June 30, 2015

Again We Come to the End

A month ago, I announced I was almost done revising. If you're familiar with my history of similar announcements, you might not have believed me, especially if you were aware that when I did in fact reach the end of the manuscript a couple of weeks later, I immediately went back to the beginning for another pass, claiming it wouldn't take long.

Well, I worked my way through the novel again in short order, reading the text aloud to myself and taking care of some final tightening, and I am now proud to say this novel is DONE! I mean, it's done until I'm under the guidance of an agent or editor who asks for further revision, but believe it or not, that's a future I dream about. But for now: DONE DONE DONE!

With that novel off my plate, I've gone back to the one I've been gradually planning out. I'm attempting to figure out the whole story in detail before writing it, a completely different process for me that I'm enjoying. I'm at about the three-quarters mark in the outline, so it's almost time to face the issue that I have no idea how any of the plotlines should resolve. So that gives me a project for the summer.

As another project, I'd like to write at some point about how I approached a revision with the goal of making the manuscript significantly shorter. Consider this another one of my bold proclamations, and we'll see how soon I can follow through.

Good Stuff Out There:

→ On the Melville House blog, Zara Sternberg interviews Harvard University Professor Daniel Donoghue on his investigation of the theory that "until the late Middle Ages, most people were only able to read aloud and silent reading was an anomaly."

June 26, 2015

Fifth Grade Book Covers and More

We're almost done exploring the adventure-laden elementary school era of my childhood writing. Before we move on to angst-filled middle school, I have some remaining miscellany from fifth grade to share, including a couple of illustrated covers for book projects.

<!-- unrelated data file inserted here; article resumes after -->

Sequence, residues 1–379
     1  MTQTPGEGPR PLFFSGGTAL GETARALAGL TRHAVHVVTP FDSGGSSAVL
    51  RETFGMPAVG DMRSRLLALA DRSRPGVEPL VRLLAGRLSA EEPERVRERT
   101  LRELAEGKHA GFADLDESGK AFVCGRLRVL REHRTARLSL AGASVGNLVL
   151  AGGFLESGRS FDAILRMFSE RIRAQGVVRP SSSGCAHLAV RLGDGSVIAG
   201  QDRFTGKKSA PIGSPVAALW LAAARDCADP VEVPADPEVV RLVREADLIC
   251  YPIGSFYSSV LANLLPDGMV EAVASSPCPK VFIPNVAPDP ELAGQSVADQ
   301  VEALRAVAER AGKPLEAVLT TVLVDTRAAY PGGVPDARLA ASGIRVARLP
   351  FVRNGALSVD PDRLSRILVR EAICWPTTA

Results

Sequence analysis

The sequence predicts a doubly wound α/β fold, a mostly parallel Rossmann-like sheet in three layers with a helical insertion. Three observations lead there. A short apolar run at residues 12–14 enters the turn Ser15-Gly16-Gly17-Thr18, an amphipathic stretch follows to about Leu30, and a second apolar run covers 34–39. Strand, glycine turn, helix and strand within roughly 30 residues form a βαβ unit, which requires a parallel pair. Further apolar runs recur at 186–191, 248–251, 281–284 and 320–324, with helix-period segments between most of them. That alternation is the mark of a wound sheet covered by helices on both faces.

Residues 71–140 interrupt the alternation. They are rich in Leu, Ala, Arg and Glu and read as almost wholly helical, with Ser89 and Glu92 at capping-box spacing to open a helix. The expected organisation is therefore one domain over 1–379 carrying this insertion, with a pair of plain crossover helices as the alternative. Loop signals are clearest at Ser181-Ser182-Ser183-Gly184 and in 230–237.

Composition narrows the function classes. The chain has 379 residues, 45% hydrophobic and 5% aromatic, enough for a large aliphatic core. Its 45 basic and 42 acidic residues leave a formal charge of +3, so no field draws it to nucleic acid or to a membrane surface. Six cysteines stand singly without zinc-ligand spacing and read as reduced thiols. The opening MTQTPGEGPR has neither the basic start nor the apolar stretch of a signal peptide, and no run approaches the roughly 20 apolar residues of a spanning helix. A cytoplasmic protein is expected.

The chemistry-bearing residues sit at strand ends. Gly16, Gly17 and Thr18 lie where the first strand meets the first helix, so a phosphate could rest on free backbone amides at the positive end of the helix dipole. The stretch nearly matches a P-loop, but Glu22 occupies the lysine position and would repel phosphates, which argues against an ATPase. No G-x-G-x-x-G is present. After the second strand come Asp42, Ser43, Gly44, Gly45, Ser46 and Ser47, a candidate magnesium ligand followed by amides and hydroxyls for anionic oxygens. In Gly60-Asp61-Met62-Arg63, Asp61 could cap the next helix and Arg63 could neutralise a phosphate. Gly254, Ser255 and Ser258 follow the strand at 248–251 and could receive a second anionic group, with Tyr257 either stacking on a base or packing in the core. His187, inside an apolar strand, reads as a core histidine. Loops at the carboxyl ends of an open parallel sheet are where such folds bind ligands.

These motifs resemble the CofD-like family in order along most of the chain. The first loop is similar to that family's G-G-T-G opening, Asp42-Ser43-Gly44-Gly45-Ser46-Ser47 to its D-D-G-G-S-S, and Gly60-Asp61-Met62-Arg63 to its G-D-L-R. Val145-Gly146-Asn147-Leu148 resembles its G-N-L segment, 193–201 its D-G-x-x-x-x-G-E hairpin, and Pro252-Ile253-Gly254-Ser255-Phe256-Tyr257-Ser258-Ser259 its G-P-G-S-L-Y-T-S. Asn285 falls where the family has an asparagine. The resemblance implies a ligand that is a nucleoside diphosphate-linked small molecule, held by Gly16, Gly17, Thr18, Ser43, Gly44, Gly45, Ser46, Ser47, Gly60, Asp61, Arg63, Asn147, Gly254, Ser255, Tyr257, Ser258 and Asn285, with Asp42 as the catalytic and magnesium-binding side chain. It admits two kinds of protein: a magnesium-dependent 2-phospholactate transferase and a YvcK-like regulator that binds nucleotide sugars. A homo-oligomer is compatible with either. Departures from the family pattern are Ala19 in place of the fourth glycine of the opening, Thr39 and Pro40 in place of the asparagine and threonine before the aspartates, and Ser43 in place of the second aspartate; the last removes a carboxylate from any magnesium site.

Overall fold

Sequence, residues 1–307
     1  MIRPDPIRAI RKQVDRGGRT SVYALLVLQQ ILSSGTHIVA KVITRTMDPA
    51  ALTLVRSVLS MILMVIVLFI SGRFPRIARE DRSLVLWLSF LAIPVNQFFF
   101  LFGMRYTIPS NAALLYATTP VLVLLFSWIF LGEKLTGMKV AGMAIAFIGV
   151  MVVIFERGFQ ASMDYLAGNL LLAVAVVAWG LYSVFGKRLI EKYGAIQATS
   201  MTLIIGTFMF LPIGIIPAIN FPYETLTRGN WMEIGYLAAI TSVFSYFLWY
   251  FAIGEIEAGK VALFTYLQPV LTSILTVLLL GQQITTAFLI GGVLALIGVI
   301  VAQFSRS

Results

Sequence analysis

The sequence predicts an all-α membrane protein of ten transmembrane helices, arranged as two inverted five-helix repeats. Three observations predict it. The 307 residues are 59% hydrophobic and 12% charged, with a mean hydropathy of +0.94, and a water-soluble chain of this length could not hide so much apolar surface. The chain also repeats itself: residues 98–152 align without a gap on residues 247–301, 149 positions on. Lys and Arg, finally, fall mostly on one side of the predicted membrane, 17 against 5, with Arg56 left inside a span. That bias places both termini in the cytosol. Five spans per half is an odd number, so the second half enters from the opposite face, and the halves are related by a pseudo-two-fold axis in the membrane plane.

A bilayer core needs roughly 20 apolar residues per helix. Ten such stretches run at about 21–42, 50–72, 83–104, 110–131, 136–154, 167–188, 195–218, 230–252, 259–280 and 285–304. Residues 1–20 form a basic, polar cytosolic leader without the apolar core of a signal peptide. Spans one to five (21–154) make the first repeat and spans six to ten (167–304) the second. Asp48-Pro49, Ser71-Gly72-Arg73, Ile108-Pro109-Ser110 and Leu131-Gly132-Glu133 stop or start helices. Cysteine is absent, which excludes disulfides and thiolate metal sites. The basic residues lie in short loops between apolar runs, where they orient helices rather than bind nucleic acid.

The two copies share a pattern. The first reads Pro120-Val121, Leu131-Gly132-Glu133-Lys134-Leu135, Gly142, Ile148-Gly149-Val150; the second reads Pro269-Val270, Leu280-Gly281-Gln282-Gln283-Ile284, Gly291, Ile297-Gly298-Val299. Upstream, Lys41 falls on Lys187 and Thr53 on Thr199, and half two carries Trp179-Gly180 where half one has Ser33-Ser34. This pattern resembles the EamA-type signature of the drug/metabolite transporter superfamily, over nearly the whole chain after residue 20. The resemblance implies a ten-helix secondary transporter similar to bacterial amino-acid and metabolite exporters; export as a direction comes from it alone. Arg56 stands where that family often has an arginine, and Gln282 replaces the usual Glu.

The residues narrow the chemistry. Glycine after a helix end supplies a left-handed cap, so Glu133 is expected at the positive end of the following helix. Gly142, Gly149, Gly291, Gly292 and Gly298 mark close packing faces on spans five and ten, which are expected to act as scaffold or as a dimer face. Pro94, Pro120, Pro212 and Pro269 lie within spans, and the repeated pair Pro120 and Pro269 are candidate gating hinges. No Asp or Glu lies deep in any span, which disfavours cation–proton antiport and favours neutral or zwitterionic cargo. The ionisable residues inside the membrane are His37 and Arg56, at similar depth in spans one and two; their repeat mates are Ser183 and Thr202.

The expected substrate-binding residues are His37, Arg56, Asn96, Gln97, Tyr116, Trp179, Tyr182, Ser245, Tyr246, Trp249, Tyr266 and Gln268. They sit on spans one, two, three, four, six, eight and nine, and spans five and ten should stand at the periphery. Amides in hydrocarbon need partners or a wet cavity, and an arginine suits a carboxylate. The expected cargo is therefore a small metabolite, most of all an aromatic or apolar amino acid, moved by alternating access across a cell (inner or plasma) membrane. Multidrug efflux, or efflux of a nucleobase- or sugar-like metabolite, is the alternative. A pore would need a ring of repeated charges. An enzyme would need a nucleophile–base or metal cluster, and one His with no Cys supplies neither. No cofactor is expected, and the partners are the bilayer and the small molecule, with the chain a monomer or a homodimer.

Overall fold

First off, I did get an early start on the angst in fifth grade for at least one piece of writing. In late 1985, I was assigned to write a haiku about my fears or hopes for 1986. Forget all those online lists and quizzes purporting to prove your legitimacy as a child of the 80s. This is the real deal:

Haiku About My Fears

Such a scary thought
Nuclear war is dreadful
It could kill us all

I also had less disturbing obsessions in fifth grade, such as Greek mythology. (On second thought, most of Greek mythology is pretty disturbing.) For what I imagine was a big final project for the year, I put together a pretty impressive report, complete with a cover depicting "Mount Olympus, home of the Greek gods":

June 10, 2015

The First Bay Area Book Festival

I'm pleased to report I had a wonderful time at the Bay Area Book Festival in Berkeley this past weekend. The event was well-attended and by all accounts a great success, so I look forward to seeing it continue as an annual tradition.

I spent all day Saturday at the festival, attending author sessions, browsing the art and booths, and hanging out with family and friends. I made it to three of the many scheduled panels, and they were all excellent.

New Views of Narrative: How Technology Interfaces with Story was moderated by Robin Sloan, author of MR. PENUMBRA'S 24-HOUR BOOKSTORE, a novel about books and technology that I adored. Sloan did an exemplary job of moderating, using his extensive knowledge of bookish technology to draw out intelligent discussion from the innovators on the panel. Lise Quintana, CEO and founder of Narrative Technologies (and one of my NaNoWriMo buddies), talked about her company's ebook platform, Lithomobilus, which enables multi-threaded storytelling. The first stories launched on the platform, published by Zoetic Press, build on familiar classics such as the Grimm fairy tales and Alice's Adventures in Wonderland, but the authoring tools will soon be available for any purpose. In contrast to Quintana's reusable platform, Eli Horowitz and Russell Quinn have collaborated on a number of interactive books that were each developed separately, including THE SILENT HISTORY and the forthcoming THE PICKLE INDEX, which will also be published as a traditional paperback. I haven't tried out any of these apps yet -- partly because they're all only available for iOS, a limitation the creators discussed during the panel -- but I'm fascinated.